Student Well-Being

Nonprofit Receives $1M Grant to Help Support Social, Emotional Learning

By Marva Hinton — October 06, 2016 2 min read
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Knowing how to control yourself and successfully resolve conflict comes in handy in the classroom, on the playground, and on the job. These skills are considered to be part of social and emotional learning, or SEL, and leaders of a New York City-based nonprofit hope to share these lessons with thousands of students thanks to a $1 million grant.

ExpandED Schools, which is dedicated to closing the learning gap through expanded opportunities for educational experiences, received the three-year grant from the New York Life Foundation to promote social and emotional learning in middle schools.

The grant will allow the organization to provide special programming through after-school and expanded-learning-time programs in eight high-poverty middle schools, including four in New York City and four in two other cities still to be determined. The organization plans to serve 2,000 students in all.

“We see the social-emotional learning skills as the essential foundation for success in higher education, in life, that you need to understand your strengths, [and] have positive relationships with others,” said Laura Larimer, ExpandED Schools’ senior development officer. “You can problem-solve. You can persevere. These are skills that will serve you in every setting of your life.”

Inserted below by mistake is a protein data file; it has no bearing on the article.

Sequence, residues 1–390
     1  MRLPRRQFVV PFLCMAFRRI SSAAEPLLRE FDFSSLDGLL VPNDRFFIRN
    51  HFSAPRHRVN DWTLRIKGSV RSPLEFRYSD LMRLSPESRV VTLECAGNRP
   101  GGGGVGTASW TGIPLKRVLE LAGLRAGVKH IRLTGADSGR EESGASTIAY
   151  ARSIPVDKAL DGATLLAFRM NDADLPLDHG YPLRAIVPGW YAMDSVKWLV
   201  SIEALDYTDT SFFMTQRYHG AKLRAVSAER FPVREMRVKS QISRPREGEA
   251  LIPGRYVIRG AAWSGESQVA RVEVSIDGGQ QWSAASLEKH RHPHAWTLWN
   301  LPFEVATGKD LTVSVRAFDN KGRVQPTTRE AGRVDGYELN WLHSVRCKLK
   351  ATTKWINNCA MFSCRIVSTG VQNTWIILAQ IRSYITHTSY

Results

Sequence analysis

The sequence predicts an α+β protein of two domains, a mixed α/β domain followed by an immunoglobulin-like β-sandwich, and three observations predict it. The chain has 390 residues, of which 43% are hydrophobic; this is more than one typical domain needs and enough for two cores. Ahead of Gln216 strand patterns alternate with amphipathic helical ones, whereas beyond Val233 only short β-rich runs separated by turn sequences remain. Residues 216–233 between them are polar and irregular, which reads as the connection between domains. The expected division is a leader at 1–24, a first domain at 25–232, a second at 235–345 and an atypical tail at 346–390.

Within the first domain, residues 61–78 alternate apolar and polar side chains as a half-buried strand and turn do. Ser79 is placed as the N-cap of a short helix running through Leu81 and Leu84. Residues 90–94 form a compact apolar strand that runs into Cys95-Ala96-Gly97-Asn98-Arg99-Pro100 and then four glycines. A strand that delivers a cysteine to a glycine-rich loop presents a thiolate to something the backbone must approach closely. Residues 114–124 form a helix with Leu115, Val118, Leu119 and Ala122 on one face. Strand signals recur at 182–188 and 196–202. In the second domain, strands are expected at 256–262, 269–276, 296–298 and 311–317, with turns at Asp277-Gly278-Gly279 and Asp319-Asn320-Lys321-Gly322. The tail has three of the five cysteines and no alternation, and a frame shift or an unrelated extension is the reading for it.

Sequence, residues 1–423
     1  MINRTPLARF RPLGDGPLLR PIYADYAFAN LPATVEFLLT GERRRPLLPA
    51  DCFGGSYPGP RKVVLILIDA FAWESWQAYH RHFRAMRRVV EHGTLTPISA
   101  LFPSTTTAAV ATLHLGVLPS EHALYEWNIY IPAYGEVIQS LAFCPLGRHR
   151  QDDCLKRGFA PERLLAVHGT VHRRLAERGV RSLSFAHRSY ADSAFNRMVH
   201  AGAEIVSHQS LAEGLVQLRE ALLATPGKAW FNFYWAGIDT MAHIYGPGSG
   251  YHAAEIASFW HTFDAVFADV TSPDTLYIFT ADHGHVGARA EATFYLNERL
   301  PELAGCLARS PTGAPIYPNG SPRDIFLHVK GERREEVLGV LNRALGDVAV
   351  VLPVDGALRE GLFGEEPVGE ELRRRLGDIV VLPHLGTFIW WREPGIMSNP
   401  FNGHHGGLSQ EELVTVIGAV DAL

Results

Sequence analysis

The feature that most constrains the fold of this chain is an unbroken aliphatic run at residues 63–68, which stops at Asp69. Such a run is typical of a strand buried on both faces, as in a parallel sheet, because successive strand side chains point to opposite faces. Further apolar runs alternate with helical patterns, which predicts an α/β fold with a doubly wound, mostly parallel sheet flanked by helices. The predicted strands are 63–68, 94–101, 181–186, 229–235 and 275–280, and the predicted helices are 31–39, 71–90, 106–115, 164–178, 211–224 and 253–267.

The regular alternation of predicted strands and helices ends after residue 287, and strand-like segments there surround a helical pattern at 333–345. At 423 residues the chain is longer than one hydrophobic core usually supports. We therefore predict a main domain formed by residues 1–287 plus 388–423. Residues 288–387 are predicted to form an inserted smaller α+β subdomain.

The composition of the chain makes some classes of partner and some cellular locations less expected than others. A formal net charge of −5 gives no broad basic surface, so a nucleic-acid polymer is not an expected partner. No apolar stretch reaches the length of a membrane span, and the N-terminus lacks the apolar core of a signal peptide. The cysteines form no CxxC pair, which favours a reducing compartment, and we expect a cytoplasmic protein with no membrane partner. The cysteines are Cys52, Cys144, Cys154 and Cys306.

Through the grant, ExpandED Schools will help these schools and their community partners implement practices such as RULER, an approach to harnessing the power of emotional intelligence that was developed by the Yale Center for Emotional Intelligence. RULER is an acronym, which stands for recognizing emotions in self and others, understanding the causes and consequences of emotions, labeling emotions accurately, expressing emotions appropriately, and regulating emotions effectively.

Teams of educators from each school will receive training in RULER and then share what they’ve learned with the whole school community.

Each school will also receive individual, specialized programming. For example, one school may want to focus on restorative justice while another chooses to work on building perseverance or grit.

This grant comes as a growing body of research shows that social and emotional learning can have a positive impact on school climate and academic success.

Photo: Students at a New York City middle school in the ExpandED Schools Network socialize with their friends. (Bruce Gilbert)

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A version of this news article first appeared in the Time and Learning blog.

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